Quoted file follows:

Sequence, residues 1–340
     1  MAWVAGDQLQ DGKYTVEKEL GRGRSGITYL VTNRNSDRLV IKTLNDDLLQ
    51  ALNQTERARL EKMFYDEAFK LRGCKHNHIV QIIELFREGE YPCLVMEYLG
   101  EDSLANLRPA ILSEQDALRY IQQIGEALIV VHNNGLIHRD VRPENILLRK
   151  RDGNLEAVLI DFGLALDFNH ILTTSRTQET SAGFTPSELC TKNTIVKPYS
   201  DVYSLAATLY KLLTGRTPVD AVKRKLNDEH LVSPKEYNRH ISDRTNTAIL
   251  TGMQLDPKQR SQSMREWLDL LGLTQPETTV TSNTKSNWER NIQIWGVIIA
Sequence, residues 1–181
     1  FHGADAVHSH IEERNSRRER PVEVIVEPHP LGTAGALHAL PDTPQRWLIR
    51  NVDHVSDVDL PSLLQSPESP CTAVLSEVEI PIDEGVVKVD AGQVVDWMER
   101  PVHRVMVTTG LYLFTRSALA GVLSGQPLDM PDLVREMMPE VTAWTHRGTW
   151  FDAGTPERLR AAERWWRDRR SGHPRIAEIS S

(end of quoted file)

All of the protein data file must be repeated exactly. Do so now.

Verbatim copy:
Sequence, residues 1–340
     1  MAWVAGDQLQ DGKYTVEKEL GRGRSGITYL VTNRNSDRLV IKTLNDDLLQ
    51  ALNQTERARL EKMFYDEAFK LRGCKHNHIV QIIELFREGE YPCLVMEYLG
   101  EDSLANLRPA ILSEQDALRY IQQIGEALIV VHNNGLIHRD VRPENILLRK
   151  RDGNLEAVLI DFGLALDFNH ILTTSRTQET SAGFTPSELC TKNTIVKPYS
   201  DVYSLAATLY KLLTGRTPVD AVKRKLNDEH LVSPKEYNRH ISDRTNTAIL
   251  TGMQLDPKQR SQSMREWLDL LGLTQPETTV TSNTKSNWER NIQIWGVIIA
Sequence, residues 1–181
     1  FHGADAVHSH IEERNSRRER PVEVIVEPHP LGTAGALHAL PDTPQRWLIR
    51  NVDHVSDVDL PSLLQSPESP CTAVLSEVEI PIDEGVVKVD AGQVVDWMER
   101  PVHRVMVTTG LYLFTRSALA GVLSGQPLDM PDLVREMMPE VTAWTHRGTW
   151  FDAGTPERLR AAERWWRDRR SGHPRIAEIS S